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gave me nò meat: I was thirsty, and ye gave me no drink: 43 I was a stranger, and ye took me not in: naked, and ye clothed me not: sick, and in prison, and ye visited me not. 44 Then shall they also answer him, saying, Lord, whèn saw we thee an hungered, or athirst, or a stranger, or naked, or sick, or in prison, and did not minister unto thee! 45 Then shall he answer them, saying, Verily, I say unto you, Inasmuch as ye did it not to one of the least of these ye did it not to me. 46 And these shall go away into everlasting punishment: but the righteous into life eternal.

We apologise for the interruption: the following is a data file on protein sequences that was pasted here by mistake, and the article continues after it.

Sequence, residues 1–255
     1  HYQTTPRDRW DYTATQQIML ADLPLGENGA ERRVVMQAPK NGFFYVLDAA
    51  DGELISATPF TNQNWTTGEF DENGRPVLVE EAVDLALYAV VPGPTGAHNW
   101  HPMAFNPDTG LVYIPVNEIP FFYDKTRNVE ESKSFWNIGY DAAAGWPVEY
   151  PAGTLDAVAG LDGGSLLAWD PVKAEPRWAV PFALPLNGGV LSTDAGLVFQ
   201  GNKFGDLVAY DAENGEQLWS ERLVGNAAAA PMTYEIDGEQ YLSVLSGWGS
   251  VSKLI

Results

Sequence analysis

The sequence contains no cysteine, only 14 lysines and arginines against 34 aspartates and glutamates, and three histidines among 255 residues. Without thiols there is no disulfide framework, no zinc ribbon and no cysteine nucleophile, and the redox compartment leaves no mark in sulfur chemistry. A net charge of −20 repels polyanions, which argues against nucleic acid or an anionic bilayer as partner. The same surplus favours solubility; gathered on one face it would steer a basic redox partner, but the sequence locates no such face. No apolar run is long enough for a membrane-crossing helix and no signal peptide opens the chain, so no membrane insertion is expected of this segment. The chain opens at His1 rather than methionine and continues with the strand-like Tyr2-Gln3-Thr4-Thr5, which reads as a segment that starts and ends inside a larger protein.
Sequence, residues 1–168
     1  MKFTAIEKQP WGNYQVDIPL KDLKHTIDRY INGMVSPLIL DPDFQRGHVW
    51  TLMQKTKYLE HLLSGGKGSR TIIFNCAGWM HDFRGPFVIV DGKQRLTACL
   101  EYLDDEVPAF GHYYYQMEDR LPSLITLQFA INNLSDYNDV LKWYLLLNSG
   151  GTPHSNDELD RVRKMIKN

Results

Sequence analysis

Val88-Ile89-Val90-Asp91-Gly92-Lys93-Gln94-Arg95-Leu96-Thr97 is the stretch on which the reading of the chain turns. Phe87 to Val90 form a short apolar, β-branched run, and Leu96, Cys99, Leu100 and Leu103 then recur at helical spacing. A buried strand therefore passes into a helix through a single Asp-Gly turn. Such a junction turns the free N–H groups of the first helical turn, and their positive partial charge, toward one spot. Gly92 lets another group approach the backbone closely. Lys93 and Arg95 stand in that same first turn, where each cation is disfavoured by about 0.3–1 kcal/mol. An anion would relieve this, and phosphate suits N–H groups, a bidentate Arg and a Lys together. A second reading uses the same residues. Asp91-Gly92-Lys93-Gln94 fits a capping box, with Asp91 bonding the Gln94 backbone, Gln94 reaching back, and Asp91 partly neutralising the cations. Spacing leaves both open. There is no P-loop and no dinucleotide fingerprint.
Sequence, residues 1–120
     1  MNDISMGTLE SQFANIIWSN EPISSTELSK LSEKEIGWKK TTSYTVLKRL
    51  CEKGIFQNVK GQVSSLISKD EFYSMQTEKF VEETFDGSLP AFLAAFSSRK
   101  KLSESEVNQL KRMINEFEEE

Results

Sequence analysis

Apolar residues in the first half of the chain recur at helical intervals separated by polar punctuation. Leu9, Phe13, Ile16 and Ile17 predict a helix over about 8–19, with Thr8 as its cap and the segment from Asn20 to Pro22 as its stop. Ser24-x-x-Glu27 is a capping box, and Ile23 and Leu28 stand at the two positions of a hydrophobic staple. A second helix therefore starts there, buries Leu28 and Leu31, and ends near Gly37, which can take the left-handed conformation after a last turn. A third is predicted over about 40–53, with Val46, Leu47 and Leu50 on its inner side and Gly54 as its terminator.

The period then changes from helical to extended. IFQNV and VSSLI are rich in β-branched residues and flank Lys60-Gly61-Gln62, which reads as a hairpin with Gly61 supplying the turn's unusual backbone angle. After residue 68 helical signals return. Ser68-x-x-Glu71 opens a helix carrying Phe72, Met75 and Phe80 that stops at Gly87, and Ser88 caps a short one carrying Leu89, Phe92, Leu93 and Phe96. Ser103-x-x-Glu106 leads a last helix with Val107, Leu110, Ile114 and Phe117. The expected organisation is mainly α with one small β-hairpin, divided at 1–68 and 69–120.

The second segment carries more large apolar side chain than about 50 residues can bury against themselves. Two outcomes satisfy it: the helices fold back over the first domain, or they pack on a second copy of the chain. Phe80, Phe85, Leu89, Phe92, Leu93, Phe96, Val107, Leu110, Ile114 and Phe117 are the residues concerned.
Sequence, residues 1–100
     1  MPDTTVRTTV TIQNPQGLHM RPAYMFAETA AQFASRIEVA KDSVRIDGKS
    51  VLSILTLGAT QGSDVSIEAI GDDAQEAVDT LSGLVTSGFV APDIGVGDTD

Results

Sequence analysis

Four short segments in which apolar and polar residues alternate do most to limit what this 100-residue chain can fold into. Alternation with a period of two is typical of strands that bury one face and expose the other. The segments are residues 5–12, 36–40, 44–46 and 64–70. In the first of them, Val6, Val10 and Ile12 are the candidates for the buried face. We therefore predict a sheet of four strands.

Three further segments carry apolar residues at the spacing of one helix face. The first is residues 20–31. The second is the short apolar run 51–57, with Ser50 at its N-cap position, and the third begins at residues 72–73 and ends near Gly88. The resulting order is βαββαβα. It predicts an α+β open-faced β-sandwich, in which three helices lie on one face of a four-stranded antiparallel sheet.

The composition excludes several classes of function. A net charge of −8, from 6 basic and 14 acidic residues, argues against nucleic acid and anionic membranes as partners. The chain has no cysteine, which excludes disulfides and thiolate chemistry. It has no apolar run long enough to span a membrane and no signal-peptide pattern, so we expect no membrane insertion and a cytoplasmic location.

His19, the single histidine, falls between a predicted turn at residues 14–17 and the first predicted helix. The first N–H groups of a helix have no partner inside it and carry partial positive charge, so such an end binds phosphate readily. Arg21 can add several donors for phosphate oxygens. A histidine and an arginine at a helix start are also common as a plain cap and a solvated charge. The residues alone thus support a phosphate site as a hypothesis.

7. Acts xii.-5 Peter therefore was kept in prison: but, prayer was made without ceasing of the church unto God for him. 6 And when Herod would have brought him forth, the same night Peter was sleeping between two soldiers, bound with two chains; and the keepers before the door kept the prison. 7 And old, the angel of the Lord came upon him, and a light shined in the prison; and he smote Peter on the side, and raised him up, saying, Arise up quickly. And his chains fell off from his hands. 8 And the angel said unto him, Gird thyself, and bind on thy sàndals; and so he did. And he saith unto him, Cast thy garn ment about thee, and follow me. 9. And he went out, and followed him, and wist not that it was true which was done by the angel; but thought he saw a vision. 10 When they were past the first and the second ward, they came unto the iron gate that leadeth unto the city; which opened unto them of his own accord: and they went out, and passed on through one street: and forthwith the angel departed from him. 11 And when Peter was come to himself, he said, Now I know of a surety, that the Lord hath sent his àngel, and hath delivered me out of the hand of Herod, and from all the expectation of the people of the Jews. 12 And when he had considered the thing, he came to the house of Mary the mother of John, whose surname was Mark; where many were gathered together, praying. 13 And as Peter knocked at the door of the gate, a damsel came to hearken, named Rhoda. 14 And when she knew Peter's voice, she opened not the gate for gladness, but ran in, and told how Pèter stood before the gate. 15 And they said unto her, Thou art måd. But she constantly affirmed that it was even so. Then said they, It is his àngel. 16 But Peter continued knocking. And when they had opened the door, and saw him, they were astonished. 17 But he beckoning unto them with the hand to hold their peace, declared unto them how the Lòrd had brought him out of the prison. And he said, Go shew these things unto James, and to the brethren. And he departed, and went into another place